Deloitte’s 2021 Global Shared Services and Outsourcing Survey: Shared Services Centers Focus on Strategic Investments to Drive Value
- Shared services centers (SSCs) are increasingly investing in strategic capabilities to drive business insights and create value for parent organizations.
- Hybrid workplace strategies emerge as a key change for organizations looking to generate increased productivity and reduced costs.
- Organizations are also prioritizing talent by focusing on better employee experiences, building new, innovative virtual talent models and increasing diversity in leadership.
- Global business services (GBS) organizations are leveraging digital enablers, with robotic process automation (RPA), global standard processes and single instance ERP emerging as the top digital enablers identified.
The COVID-19 pandemic has highlighted the importance of generating tangible business value in innovative ways. As companies increasingly rely on global service delivery models to provide higher value at lower cost, companies are investing in the strategic capabilities of SSCs, prioritizing talent and new ways of working, and leveraging digital transformation to find a competitive advantage.
New strategic objectives and capabilities
Deloitte’s “2021 Global Shared Services and Outsourcing Survey” found most organizations reported “standardization and process efficiency” as their top strategic objective for SSCs in 2021, knocking “reducing costs” into the No. 2 spot, followed by “driving business value” at No. 3. Most organizations are achieving the objectives they have laid out: For example, of those identifying standardization and efficiency of processes as a goal, 78% have successfully achieved it. Similarly, of those identifying cost reduction as an objective, 88% had achieved their cost reduction goals.
While more organizations have identified a digital agenda as a goal, there is still room to grow—out of those that identified this objective, only slightly more than half have executed it successfully so far.
Organizations surveyed are developing capabilities to drive insights and provide higher value such as analytics, reporting and digital capabilities, as well as enhancing the customer experience. These shared and GBS constructs are creating an environment where new capabilities can be rapidly adopted to position their customers for success.
Overall, new workplace strategies in the wake of the pandemic have emerged as a key difference in this year’s survey. Respondents are planning to adopt a hybrid (73%) or mostly remote (14%) model, with only 9% planning to embrace a primarily brick-and-mortar approach. The survey defines hybrid as being in-office two to three days a week and mostly remote as in-office only a few days a month.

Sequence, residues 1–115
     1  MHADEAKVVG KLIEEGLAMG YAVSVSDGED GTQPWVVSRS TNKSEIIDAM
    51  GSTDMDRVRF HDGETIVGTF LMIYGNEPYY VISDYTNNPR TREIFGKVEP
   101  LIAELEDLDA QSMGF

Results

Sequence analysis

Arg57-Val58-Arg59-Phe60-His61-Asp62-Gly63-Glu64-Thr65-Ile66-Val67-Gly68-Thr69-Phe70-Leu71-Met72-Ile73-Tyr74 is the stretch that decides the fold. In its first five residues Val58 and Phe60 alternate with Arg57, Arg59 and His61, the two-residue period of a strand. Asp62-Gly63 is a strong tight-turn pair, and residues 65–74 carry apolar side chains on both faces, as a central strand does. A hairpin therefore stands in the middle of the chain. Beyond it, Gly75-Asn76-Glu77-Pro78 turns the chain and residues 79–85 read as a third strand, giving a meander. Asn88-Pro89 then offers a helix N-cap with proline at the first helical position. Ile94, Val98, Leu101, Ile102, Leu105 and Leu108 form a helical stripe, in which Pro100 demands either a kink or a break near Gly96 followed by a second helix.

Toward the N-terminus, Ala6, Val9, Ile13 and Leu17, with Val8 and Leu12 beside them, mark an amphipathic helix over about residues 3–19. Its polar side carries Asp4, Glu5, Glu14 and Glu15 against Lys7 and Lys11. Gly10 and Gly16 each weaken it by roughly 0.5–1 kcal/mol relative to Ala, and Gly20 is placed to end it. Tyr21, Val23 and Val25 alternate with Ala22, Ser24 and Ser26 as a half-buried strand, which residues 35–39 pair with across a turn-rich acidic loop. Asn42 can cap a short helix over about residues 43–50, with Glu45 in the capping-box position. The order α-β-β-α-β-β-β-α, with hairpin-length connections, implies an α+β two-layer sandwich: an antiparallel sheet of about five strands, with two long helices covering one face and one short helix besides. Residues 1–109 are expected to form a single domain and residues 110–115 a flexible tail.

This new approach may provide opportunities for organizations to generate additional cost savings and increased productivity. What remains to be seen is how these workplace strategies will impact work culture, well-being, and future location strategy.
When shifting to a GBS model, organizations have embraced a range of traditional and alternative models for retaining talent. Respondents reported developing a strong culture (77%), emphasizing well-being opportunities and flexible work practices (62%), and continuing improvement and innovation opportunities (62%) as the top approaches to retaining shared services employees. As work patterns have undergone a dramatic shift during the pandemic, about 60% of respondents have adopted job-sharing and flexible work practices, including working from home or other locations, as a key strategy to retain talent.
Interestingly, financial compensation—including both performance-based pay and financial support—dropped below other talent concerns this year. While these remain important, the results suggest that they are now “table stakes” in the fight for talent, and organizations are pursuing other levers to improve and jumpstart new talent strategies.
Incorporating diversity into leadership roles is also increasingly important to success. Of GBS organizations that have successfully achieved three or more SSC objectives, more than 80% have about a third of their leadership team composed of underrepresented minorities and women.
The survey also found that digital enablers—essentially, digital technologies that improve and optimize the services provided—are critical to how SSCs innovate across functions to deliver cost savings. High-performing GBS organizations that have successfully achieved three or more SSC objectives have adopted digital transformation as a strategic agenda; 72% of those have already successfully implemented RPA, 55% have single-instance ERP, and 53% have adopted cloud solutions. Process and technical complexity were cited by 43% of the respondents as the biggest challenge to automation, while single instance ERP and global standardized processes were identified in the top three as key enablers for these organizations to achieve their objectives. Overall, 70% of respondents who were able to attain greater than 40% savings through RPA had also employed a single-instance ERP. Siloed automations, defining ownership of RPA and scaling were the other major challenges identified to deploying automations.
For additional results from Deloitte’s “Global Shared Services and Outsourcing Survey,” download a copy here.